Glass Container Fracture Analysis
Mark Gaskin, Aegg's Technical Sales Manager for glass packaging gives the lowdown...
Much like when Fire Brigade investigators trace the tell-tale signs of a fire back to see where it originally broke out, so glass manufacturers can do the same to determine how and why a bottle broke. The key is to have enough of the container present to give a full picture of what has occurred.
When a container breaks it may appear instantaneous because a crack can propagate at 3km per second, but it will have an origin and the crack will spread out from there. Just like the ripples in a pond when you throw a stone in, so there are ripple marks on a fractured surface to show the direction the breakage has travelled.
Photo credit: Alli Hartmann
By marking the direction of travel and piecing the fragment back together, it allows you to study the fracture pattern to determine the cause and origin of the breakage. The origin can be a manufacturing fault, such as a split or inclusion, or damage to the surface that has occurred elsewhere.Stress + Origin =Fracture.
If the stress causing failure is very large the origin could be the micro-cracks present on the surface of the glass, but if you have a large split you may only need a small force to extend it.
This is one of the reasons glass containers are coated, to help prevent surface damage and to allow containers to slide against each other on a filling line.
Tin is applied to the surface at the Hot End and chemically bonds to the glass, providing a better surface for the Cold End coating to adhere to. These 2 coatings work together to provide protection from scuffing and allow the easy flow of containers along todays high speed filling lines.
There are another set of features that indicate the direction of travel. Where the fracture moves from the origin, through a smooth area known as mirror, on to a rougher area known as mist or grey and finally into hackle before propagating along a fracture edge leaving ripples.
As the name suggests, these are where the fracture has stopped momentarily. They appear as a defined line or heavy ripple and can help identify splits or checks in the glass created during the manufacturing process.
There are 4 main fracture patterns, these are:
This presents as a typically radiating pattern, much like a spider’s web, with the origin at the centre.
At the point of impact there may also be signs of a Hertz fracture cone, where a cone shaped piece of glass has been knocked out.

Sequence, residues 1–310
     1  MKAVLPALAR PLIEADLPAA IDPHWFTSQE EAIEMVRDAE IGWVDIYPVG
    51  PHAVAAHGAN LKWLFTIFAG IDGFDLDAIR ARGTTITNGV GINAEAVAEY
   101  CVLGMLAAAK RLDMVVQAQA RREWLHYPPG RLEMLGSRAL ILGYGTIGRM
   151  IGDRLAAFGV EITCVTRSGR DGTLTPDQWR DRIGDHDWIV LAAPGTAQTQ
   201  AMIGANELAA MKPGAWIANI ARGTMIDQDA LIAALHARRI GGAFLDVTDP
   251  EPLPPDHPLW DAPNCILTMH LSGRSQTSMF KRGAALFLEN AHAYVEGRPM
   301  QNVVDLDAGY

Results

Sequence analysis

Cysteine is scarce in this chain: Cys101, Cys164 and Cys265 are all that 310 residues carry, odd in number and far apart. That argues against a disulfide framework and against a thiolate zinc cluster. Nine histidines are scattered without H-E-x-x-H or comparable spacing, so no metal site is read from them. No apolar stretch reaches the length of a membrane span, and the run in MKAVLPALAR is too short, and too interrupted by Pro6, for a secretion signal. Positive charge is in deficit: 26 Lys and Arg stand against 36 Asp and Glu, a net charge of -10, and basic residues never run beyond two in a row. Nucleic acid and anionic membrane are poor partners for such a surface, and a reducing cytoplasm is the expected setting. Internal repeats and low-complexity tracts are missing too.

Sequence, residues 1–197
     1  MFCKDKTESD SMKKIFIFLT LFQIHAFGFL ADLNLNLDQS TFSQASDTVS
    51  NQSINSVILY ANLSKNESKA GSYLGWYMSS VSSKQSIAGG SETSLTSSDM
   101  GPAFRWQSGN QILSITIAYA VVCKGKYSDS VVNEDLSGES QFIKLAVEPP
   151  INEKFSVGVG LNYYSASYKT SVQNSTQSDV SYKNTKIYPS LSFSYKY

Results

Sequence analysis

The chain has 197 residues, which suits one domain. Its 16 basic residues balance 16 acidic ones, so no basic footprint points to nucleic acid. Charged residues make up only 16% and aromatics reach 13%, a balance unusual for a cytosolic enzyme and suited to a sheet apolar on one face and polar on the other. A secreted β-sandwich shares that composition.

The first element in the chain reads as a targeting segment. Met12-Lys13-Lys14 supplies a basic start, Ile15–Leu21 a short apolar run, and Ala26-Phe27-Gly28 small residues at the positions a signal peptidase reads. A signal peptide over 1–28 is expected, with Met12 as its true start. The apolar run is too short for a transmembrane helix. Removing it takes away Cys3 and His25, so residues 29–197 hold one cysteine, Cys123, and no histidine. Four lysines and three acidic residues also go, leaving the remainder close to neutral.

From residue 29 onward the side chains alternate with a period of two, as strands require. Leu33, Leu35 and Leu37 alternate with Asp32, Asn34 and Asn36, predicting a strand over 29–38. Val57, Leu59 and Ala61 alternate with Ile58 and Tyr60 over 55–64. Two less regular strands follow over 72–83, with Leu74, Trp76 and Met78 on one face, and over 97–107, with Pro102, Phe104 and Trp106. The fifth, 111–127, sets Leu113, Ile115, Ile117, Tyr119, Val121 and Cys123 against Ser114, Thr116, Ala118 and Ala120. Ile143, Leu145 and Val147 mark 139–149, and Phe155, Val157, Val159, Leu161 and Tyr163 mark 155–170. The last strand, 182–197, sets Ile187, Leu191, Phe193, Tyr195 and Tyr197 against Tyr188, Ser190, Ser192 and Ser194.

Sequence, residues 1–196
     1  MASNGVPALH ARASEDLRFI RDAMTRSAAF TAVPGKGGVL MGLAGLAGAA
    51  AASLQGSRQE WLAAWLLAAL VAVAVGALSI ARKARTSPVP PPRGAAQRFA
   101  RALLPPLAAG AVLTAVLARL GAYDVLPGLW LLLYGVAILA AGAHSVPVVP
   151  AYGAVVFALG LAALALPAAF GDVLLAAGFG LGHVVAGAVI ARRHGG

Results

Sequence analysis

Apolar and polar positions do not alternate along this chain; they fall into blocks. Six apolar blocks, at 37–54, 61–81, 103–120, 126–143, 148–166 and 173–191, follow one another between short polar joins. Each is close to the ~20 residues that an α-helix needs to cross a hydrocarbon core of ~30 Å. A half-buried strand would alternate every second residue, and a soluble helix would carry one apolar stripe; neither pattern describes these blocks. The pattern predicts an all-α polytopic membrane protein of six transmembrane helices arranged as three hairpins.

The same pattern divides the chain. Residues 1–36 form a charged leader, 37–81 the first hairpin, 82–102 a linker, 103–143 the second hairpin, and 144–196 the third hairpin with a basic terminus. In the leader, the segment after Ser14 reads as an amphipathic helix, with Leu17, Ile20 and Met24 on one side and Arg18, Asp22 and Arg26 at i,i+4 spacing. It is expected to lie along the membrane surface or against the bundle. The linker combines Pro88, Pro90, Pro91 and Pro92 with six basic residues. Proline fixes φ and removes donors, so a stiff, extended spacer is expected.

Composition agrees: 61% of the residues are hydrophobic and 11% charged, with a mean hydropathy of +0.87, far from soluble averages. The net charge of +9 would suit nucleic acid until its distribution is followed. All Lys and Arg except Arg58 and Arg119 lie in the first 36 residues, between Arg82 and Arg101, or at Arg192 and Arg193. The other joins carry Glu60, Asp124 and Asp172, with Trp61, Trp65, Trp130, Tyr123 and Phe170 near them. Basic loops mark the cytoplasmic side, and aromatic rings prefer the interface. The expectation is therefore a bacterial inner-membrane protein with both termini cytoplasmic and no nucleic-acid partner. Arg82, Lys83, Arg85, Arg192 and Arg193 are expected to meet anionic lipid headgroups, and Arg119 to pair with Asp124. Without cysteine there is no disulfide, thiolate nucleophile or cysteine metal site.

The fracture will spread out initially as a single line which then splits in two in what is known as binary forking. The pressure when the bottle bursts will affect the degree of forking.
If the origin occurs in heel or stippling area then the fracture pattern will appear slightly different, but the origin will still be found in the area of single straight fracture on the base.
This occurs due the temperature differences between the inner and outer surfaces of the container causing stresses which result in a simple fracture pattern, usually with a single fracture around the base and up the side of the bottle or jar.
A vertical load failure can occur when a downwards stress is applied to the finish of the container, either during capping or on the lower layers in a stack of pallets. The load produces tensile stresses in the outside surface of the shoulder that, if large enough or if a defect is present, can result in failure.
The sharper the angle of the shoulder the less vertical load it can bear. A champagne bottle may take a load of 5000kg, but a square shouldered bottle may only take 250kg.
The breakage pattern generally comprises of more rectangular, vertically aligned fragments around the shoulder or heel, depending where failure occurs.
This has been a very basic guide to fracture analysis, but there are some very important learnings:
• When collecting samples for fracture analysis it is very important to save as much glass as possible, and to try and keep different broken containers separate.
• The more glass that is saved, the more likely it is to determine the cause of breakage.
• Since stress + origin = fracture, it is important to reduce the number of origins. These can be manufacturing defects or damage by the filling line.
• It is also important to reduce the stresses the container is subjected to. Whether it is impacts on the line or in the supply chain, over pressurisation, high temperature differentials i.e. hot filling cold glass or applying too great a top load.